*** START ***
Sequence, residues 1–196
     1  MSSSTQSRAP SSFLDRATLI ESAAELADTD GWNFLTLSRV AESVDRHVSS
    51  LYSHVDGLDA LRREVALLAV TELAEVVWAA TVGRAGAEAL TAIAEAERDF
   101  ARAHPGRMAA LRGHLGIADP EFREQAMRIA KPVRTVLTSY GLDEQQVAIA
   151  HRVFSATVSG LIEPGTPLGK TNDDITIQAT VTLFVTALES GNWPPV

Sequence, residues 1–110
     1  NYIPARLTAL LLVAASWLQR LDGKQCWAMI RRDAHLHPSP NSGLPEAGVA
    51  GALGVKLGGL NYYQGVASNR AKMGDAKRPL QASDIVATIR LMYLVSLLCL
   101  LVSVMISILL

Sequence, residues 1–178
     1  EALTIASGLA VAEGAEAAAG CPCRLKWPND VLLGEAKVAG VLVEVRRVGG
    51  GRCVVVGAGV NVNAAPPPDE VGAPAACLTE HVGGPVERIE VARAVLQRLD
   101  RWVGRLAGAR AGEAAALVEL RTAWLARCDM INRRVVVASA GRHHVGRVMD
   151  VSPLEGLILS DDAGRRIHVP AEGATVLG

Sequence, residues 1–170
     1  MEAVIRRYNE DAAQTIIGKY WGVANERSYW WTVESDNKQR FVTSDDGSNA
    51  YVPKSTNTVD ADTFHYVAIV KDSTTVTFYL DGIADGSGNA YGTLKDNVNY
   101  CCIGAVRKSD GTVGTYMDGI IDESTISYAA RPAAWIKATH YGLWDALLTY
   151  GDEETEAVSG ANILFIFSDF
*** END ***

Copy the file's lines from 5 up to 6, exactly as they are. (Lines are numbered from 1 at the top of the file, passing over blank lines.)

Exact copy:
   151  HRVFSATVSG LIEPGTPLGK TNDDITIQAT VTLFVTALES GNWPPV

Sequence, residues 1–110